After paying the 100 Denar round-trip cable car ticket, you’ll be treated to spectacular vistas of Skopje and its surroundings as you make the 8-minute journey to the top of Vodno Mountain. From the top there are stunning views, and of course the Millennium Cross that towers over the mountain.
You may not know that Mother Teresa (Teresa of Calcutta) was born in Skopje on August 26, 1910. In 2009, two years after her death, the Mother Teresa Memorial House was built in her honor. The Memorial House contains a museum with photos, memorabilia, and documents following Mother Teresa’s life and religious work. Above the museum there is a small chapel.
The floor below the museum (basement level) has a multimedia center that plays films related to Mother Teresa’s humanitarian work. Admission is free. Opening hours are Monday through Friday 9 AM to 8 PM and Saturday and Sunday 9 AM to 2 PM.
Skopje’s Old Bazaar is a living museum of Ottoman, Byzantine, and modern buildings. Second only to the Grand Bazaar in Istanbul, this was the largest bazaar in the Balkans during the 17th century.
It stretches from the Stone Bridge to the Bit-Pazar and the Kale Fortress. Around the you will see active mosques, türbes (mausoleum tombs), converted hammams (bathhouses), churches, the Museum of Macedonia, the Museum of Modern Art, and several inns.
Strolling the shops of the Old Bazaar is a must-do for anyone visiting Skopje. There are numerous craftsman shops selling everything from copperware to traditional Macedonian folk costumes. There are also traditional restaurants and coffee houses throughout selling kebab, lahmajdun (meat pie), and Turkish delight.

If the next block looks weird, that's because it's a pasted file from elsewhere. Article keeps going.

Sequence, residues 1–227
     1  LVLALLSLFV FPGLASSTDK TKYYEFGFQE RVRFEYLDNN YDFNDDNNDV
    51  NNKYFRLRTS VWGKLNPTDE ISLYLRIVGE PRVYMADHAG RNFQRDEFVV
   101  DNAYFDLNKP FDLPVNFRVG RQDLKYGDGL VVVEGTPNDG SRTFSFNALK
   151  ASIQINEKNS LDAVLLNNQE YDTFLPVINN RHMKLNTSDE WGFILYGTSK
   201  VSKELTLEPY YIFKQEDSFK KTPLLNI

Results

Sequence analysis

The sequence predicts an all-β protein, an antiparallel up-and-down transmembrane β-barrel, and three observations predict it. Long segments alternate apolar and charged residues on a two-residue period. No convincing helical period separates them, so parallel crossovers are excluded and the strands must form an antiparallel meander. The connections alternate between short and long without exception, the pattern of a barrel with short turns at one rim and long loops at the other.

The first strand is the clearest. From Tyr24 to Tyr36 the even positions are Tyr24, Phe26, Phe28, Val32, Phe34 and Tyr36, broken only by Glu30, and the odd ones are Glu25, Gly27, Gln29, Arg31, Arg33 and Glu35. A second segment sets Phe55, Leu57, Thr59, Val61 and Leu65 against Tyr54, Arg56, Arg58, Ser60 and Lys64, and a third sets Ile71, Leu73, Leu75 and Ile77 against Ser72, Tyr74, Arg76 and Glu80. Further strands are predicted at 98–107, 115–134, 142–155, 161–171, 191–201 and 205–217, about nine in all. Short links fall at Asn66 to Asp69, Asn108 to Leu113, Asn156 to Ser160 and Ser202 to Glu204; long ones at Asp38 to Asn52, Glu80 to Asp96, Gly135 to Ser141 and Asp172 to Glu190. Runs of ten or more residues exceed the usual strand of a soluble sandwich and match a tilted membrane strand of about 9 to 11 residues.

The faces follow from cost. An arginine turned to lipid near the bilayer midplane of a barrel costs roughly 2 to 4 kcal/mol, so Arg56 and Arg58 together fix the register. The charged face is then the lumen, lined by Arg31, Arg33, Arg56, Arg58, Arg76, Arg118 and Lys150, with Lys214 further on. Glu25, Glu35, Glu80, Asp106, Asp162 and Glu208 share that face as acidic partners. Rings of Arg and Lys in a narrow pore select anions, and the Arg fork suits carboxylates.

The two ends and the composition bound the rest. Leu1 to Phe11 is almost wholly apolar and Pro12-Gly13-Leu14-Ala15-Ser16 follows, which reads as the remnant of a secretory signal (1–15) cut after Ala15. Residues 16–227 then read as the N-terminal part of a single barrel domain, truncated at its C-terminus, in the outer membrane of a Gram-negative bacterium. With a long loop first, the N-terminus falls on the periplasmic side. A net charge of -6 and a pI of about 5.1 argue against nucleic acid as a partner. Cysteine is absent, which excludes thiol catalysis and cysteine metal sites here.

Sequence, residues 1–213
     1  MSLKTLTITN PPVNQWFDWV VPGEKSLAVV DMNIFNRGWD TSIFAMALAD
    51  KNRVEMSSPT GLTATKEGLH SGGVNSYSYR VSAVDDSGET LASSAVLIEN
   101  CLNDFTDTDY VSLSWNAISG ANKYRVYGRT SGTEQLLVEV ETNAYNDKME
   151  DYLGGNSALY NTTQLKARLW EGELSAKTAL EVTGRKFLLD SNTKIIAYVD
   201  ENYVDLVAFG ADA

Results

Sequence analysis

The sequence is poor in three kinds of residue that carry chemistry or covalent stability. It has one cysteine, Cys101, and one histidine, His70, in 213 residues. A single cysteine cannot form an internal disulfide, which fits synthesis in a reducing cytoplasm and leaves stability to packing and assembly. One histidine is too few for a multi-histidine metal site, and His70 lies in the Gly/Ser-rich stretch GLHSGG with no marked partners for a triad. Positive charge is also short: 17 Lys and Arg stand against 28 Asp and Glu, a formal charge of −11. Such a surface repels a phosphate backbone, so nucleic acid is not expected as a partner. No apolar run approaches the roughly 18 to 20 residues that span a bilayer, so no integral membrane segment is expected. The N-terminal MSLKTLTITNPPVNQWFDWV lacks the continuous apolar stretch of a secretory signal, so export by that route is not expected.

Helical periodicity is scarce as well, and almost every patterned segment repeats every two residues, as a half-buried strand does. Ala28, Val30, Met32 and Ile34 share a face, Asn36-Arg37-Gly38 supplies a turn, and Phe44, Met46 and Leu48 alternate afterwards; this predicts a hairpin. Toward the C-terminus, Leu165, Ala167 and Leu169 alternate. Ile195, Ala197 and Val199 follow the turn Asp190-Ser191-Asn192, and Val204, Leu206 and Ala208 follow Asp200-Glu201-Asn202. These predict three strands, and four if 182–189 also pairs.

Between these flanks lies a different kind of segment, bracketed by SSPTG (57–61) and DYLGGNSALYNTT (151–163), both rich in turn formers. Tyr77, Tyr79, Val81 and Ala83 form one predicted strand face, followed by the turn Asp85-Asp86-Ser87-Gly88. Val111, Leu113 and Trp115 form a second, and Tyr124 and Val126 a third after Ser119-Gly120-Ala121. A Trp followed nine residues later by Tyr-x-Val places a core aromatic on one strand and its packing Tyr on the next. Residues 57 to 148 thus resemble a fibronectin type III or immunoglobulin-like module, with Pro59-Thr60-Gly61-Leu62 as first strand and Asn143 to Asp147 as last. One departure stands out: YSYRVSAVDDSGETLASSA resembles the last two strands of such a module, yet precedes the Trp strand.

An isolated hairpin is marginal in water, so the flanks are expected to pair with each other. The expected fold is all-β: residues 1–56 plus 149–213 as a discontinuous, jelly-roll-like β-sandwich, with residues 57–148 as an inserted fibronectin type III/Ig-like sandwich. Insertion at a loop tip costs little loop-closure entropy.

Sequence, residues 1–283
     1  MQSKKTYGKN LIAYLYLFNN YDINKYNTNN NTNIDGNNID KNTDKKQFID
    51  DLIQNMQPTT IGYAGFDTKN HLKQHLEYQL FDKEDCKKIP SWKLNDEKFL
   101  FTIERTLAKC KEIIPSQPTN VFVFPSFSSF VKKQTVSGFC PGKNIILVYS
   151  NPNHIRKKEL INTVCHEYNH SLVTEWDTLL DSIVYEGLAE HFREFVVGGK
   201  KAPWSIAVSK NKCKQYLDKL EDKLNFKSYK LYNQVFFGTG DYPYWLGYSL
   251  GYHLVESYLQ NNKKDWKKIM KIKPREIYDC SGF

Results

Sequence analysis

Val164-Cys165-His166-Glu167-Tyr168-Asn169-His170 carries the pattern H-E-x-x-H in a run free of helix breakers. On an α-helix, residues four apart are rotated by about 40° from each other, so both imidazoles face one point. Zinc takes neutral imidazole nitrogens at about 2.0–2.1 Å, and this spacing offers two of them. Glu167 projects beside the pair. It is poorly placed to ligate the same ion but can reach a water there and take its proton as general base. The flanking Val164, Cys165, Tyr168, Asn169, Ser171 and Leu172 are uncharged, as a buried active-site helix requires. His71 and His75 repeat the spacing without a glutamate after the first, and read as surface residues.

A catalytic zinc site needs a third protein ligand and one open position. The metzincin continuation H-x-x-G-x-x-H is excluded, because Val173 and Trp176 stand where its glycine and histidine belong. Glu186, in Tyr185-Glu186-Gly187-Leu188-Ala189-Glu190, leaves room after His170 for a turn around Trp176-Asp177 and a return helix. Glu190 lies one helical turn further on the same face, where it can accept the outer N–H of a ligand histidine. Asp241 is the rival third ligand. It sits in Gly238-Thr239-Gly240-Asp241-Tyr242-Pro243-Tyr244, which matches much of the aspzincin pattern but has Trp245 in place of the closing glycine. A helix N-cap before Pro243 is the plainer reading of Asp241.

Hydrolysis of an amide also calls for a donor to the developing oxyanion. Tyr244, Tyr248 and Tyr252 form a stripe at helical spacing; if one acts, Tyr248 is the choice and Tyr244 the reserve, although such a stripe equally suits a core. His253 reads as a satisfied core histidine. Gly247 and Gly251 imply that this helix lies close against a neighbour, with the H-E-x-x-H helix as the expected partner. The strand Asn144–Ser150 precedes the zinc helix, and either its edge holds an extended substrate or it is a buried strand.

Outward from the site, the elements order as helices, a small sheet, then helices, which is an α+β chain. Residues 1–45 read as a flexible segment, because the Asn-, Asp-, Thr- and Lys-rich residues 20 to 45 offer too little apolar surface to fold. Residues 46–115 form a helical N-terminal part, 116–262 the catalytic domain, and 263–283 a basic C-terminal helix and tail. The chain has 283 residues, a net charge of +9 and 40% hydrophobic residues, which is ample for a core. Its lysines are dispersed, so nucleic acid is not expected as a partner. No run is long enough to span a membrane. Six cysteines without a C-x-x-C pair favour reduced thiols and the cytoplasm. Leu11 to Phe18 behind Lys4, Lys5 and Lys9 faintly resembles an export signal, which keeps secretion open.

Plostad Makedonija is Skopje’s central square and heart of the city. Also known as Macedonia Square, Plostad Makedonija has a fountain featuring Alexander the Great on his horse Bucephalus.
Three major street converge at the square – Maksim Gorki, Dimitar Vlahov and Street Macedonia.
Seventeen kilometers south of the center of Skopje lies the Church of Saint Panteleimon in the village of Gorno Nerezi. Perched on a slope of Mount Vodno, the church was built in 1164 and is a magnificent example of Byzantine architecture.
Inside the church are several Byzantine frescoes depicting the life and death of Jesus including the Transfiguration, the Raising of Lazarus, the Birth of the Mother of God, the Presentation of the Mother of God to the Temple, the Entry into Jerusalem and the Descent from the Cross.
Saint Panteleimon is one of the oldest and beautiful churches in Macedonia.
Check out more beautiful Byzantine frescoes in our article Top 10 Things to Do in Ohrid, Macedonia
Just outside of Skopje is the Skopje Aqueduct – the only surviving aqueduct in Macedonia. It dates back to the 1st century, when it was used to supply water to the Roman colony of Skupi. Later it was used by the Byzantines and Ottomans for the same purpose. Note that the aqueduct will not be easy to find if you are planning to drive yourself. It is best to go with a guide.
This list of 10 things to see and do in Skopje is just the beginning. If time allows, definitely take the time to see some of the city’s other main sights like the Porta Macedonia Gate, Sultan Murat Mosque and Clock Tower, and the Mustafa Pasha Mosque.
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Have you ever traveled to Skopje, Macedonia? Tell us about your top things to see and do in Skopje. Leave us a comment below!